Dave Foreman, formerly of Earth First! and now The Rewilding Institute, wrote in the glossary of his timely over-population book, Man Swarm and the Killing of Wildlife, of the “Noble Savage Myth: Jean Jaques Rousseau is the best-known flag-waver for the myth of the noble savage, which holds that man in a natural state was noble, peaceful, and ecologically sweet before being besmirched by civilization. Anthropology, archaeology, paleontology, history, field biology, conservation, and so on have shown this belief to have no ground on which to stand.” Foreman recommends the book, Constant Battles, by archeologist Stephen A. LeBlanc as the current must read on the subject. Having been keenly interested in the subject since reading Jarred Diamond’s The Third Chimpanzee, Richard Wrangham’s Demonic Males, and even before, I of course ordered Constant Battles to fill in the blanks.
The book arrived in the mail yesterday and I couldn’t wait to get started. From that book’s prologue: “War today and in the last century seems unprecedented in intensity, ferocity, and number of lives claimed. With this ominous could hanging over our heads, it’s easy to believe that humans have somehow abandoned the benign behavior that characterized our earliest history. What happened to those ‘noble savages’ of old who were content to live in peace and harmony and were not out to colonize and exploit the undeveloped world? The ecological catastrophes occurring all around us present another modern maelstrom—and no ecosystem is immune, from the tropical rainforest, from the pristine arctic to the ozone layer. Humankind today seems to have abandoned a reverence for nature and lost long-held abilities to live in ecological balance. Has ‘progress’—that escalating desire to be bigger, better, faster, stronger—totally extinguished our ancestral instincts to grow everything we consume and hunt only what we need to sustain us? Many view the march of civilization not as a blessing but a curse, bringing with it escalating warfare and spiraling environmental destruction unlike anything in our human past.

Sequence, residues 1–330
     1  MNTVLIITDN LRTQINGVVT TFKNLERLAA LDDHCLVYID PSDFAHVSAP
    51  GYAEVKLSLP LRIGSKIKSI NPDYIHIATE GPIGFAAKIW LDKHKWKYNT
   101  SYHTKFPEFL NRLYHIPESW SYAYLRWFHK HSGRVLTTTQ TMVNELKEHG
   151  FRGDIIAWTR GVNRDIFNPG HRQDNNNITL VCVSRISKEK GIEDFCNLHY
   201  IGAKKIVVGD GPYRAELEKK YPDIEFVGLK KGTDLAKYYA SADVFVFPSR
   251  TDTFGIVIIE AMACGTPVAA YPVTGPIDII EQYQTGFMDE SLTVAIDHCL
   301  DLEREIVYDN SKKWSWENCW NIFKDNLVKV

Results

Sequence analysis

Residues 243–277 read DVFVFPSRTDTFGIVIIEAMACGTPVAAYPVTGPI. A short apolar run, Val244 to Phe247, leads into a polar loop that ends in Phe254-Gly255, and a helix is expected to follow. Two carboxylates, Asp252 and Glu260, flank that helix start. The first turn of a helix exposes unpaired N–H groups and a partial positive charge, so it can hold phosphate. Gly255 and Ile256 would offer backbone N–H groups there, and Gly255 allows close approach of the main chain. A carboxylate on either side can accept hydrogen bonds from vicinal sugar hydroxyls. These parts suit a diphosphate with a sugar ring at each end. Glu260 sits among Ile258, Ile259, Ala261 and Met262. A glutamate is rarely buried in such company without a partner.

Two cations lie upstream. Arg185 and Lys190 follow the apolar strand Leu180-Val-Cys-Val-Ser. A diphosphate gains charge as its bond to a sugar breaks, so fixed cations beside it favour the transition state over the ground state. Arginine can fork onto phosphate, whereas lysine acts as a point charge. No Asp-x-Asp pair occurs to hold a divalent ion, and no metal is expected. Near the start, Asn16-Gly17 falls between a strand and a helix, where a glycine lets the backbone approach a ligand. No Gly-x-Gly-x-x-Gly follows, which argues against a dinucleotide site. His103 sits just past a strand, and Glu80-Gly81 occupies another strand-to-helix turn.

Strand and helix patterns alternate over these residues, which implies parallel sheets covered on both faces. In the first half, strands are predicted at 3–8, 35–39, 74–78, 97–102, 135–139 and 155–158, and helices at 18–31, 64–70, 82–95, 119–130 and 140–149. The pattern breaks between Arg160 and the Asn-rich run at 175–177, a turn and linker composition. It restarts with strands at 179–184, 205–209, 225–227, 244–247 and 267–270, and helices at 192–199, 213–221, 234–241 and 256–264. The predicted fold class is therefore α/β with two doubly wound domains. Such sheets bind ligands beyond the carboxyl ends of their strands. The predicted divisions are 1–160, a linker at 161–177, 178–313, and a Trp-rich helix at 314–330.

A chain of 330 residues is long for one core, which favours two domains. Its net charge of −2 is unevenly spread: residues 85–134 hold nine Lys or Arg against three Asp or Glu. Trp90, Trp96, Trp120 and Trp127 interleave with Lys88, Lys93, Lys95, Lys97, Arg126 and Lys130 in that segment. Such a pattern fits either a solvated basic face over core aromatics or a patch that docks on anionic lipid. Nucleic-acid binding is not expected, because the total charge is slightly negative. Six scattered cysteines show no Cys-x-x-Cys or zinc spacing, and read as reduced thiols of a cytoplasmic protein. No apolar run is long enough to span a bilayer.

“Contrary to exceedingly popular opinion, and as bad as our problems may be today, none of this is true. The common notion of humankind’s blissful past, populated with noble savages living in a pristine and peaceful world, is held by those who do not understand our past and who have failed to see the course of human history for what it is.
“…I have spent my entire career attempting to make sense of the past, and I find the world completely at odds with popular misconceptions. Not only is the past I observed not peaceful and pristine, but, cruel and ugly as it may be, it provides great insight into the present. The warfare and ecological destruction we find today fit into patterns of human behavior that have gone on for millions of years. Humans have been destroying their environment for a long time and continue to do so for the same reasons they did in the past… [P]roper grasp of the past has invaluable benefits for humankind today. We are far better off understanding the past than ignoring it, or believing a mythical version of history that bears little to resemblance to what actually took place.
“A myth, due to its very nature, is not grounded in any reality, so it is susceptible to total manipulation. Though we can manipulate reality, it is subject to objective questioning, because we presume there is an objective basis to it. Once we accept a myth as truth without any consideration of its reality, how do we question its implications or manipulations on objective grounds? Myths are dangerous, and we are better off without them…”